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Kia's August 2022 Sales Are Best Ever

Kia announced their August sales figures earlier this week and most of Kia’s models saw year-over-year (YOY) sales increases. Does this mean Kia has begun to turn the corner on the ongoing supply chain problems that has plagued the automotive industry recently?


It may be too early to know that for certain, but I’ll return to that topic later after I dive into the numbers. Regardless, Kia’s sales numbers for last month look very promising. Particularly impressive are its continued expansion of electrified model sales, up 151 percent, YOY. Following Kia’s July lower YOY sales (which still saw electrified vehicles sales up by 86 percent), August’s sales figures also indicate which Kia models are struggling a bit with sales.

Let’s dig into the numbers a little. Kia’s total U.S. sales for August were 66,089 units, which is up 22 percent compared to August 2021, a healthy increase. However, when you look at Kia’s U.S. year-to-date (YTD) sales for 2022 compared to 2021, you’ll notice that sales are actually down almost 9 percent compared to this point last year (461,878 vs. 502,619). Still, that is an improvement over July’s YTD cumulative sales, which were down about 12 percent compared to 2021 YTD. So from just those figures and trends we might conclude that Kia is starting to turn the corner on pandemic and other geopolitical pressures on their supply chain.

Digging in further, looking at individual model sales, we can see that negative trends predominate, so far, for most Kia models which makes sense given that overall sales are down about 9 percent. Here’s how things break down: the Kia EV6 is a new model for 2022, so it has no YOY comparison, but month-over-month EV6 sales are up (1,840 for August vs, 1,716 for July, up a little over 7%). In truth, EV6 sales are lower, recently, compared to earlier this year, and it will be very interesting to see what they look like for the rest of the year considering that in August Kia, and many other automakers, lost eligibility for U.S. federal tax credits. If they continue at about their current level, or increase, then we might deduce that the loss of the incentive hasn’t had a big impact. If they go down significantly for the remainder of the year, it may be easy to correlate that to the loss of incentives.

Other sales data shows that except for the Niro (which comes in hybrid (HEV), plug-in hybrid (PHEV), and EV models), Sportage (which includes HEV and PHEV models), and Telluride, all the rest of Kia’s model sales are at least slightly down, YOY. The all new and completely redesigned 2023 Niro is about to go on sale, and this may explain why Niro sales are both up YOY to date, and down significantly by month; Kia is clearing out the last of its 2022 models to make way for the 2023’s. I would expect Niro sales to begin climbing for the remainder of the year, though perhaps dominated by HEV model sales. The Sportage is also Kia’s top-selling model for the fifth consecutive month, with a 59 percent increase YOY. This is a pretty good indication of customer approval of the new Sportage design and capabilities (the addition of both HEV and PHEV models). Of course Kia doesn’t break out the sales of their HEV and PHEV models from their non-hybrid versions, but I estimated sales trends for Kia’s hybrid models for 2022 previously and I still expect that I am reasonably close. The majority of Kia’s YOY electrified vehicle sales growth to date must be coming from the EV6, since it is new to the U.S. market for 2022 and is selling well. I would conservatively say that the EV6 alone is responsible for about ½ - ⅔ of Kia’s growth in this segment, possibly more. Yes, the Sportage HEV, Sportage PHEV, Sorento HEV, and Sorento PHEV are in high demand and Kia, at least through August, is selling them as fast as they can get them on the lots, but numbers likely lag those of the EV6. I predict it will be the 2023 Niro, combined with more or less steady sales of the EV6, that will drive Kia’s electrified sales numbers for the duration of the year, with HEV versions gaining in share, possibly to the detriment of Kia’s plug-in vehicles due to the loss of the federal tax credit. How much gasoline costs for the rest of the year will have an impact too, I expect, and how much/whether Kia dealers may mark up their electrified models.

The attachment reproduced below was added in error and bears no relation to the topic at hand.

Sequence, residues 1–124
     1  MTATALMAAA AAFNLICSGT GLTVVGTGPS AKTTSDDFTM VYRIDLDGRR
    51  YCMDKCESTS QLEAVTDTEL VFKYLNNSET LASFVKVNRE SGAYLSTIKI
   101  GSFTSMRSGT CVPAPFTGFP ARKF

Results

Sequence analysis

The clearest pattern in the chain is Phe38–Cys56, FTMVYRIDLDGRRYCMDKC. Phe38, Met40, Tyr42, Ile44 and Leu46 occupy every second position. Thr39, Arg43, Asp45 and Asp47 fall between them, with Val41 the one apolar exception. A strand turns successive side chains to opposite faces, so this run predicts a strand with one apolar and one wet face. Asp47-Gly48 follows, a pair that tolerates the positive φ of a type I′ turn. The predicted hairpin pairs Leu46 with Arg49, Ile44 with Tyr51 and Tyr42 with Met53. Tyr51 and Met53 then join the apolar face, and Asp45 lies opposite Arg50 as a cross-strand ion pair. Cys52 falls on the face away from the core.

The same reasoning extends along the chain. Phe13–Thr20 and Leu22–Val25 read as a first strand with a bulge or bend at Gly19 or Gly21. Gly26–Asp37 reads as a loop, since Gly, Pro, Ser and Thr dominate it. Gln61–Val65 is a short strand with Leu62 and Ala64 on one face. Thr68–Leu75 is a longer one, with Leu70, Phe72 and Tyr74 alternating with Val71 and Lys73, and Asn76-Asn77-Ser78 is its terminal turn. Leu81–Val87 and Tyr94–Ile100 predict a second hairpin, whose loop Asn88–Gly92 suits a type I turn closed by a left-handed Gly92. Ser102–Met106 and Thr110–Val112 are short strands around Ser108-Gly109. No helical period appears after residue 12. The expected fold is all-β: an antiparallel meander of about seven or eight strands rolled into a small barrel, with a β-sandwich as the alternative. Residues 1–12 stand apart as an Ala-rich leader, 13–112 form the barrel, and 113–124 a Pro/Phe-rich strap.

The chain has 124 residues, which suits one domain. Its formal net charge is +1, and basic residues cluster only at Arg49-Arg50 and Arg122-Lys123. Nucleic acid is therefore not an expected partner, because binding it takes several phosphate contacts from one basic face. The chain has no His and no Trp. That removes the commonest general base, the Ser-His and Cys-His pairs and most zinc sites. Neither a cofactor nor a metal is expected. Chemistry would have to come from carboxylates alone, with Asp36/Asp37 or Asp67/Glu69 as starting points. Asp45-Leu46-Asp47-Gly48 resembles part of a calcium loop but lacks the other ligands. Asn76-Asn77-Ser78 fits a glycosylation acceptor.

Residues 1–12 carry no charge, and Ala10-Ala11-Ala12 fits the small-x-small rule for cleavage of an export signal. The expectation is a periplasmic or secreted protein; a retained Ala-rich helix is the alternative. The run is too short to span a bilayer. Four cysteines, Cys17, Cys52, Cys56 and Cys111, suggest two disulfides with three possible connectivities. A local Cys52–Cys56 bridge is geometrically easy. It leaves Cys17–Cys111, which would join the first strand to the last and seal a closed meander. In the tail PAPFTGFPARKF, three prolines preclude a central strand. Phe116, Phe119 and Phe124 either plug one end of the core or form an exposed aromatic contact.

Back to “turning the corner on supply chain issues”, according to Eric Watson, vice president, sales operations, Kia America, “in light of ongoing supply challenges across the industry, achieving a best-ever August sales performance is a testament to the strength of our product lineup, our dealers and our employees”. I think we have it straight from Kia, the supply chain issues are still “ongoing”. Are they getting better? It seems like they might be, a little, or gradually. But nothing better than that.

Please, leave your questions and comments below.

Photos courtesy of Kia and Justin Hart.

Justin Hart has owned and driven electric vehicles for over 14 years, including a first generation Nissan LEAF, second generation Chevy Volt, Tesla Model 3, an electric bicycle and most recently a Kia Sorento PHEV. He is also an avid SUP rider, poet, photographer and wine lover. He enjoys taking long EV and PHEV road trips to beautiful and serene places with the people he loves. Follow Justin on Twitter for daily KIA EV news coverage.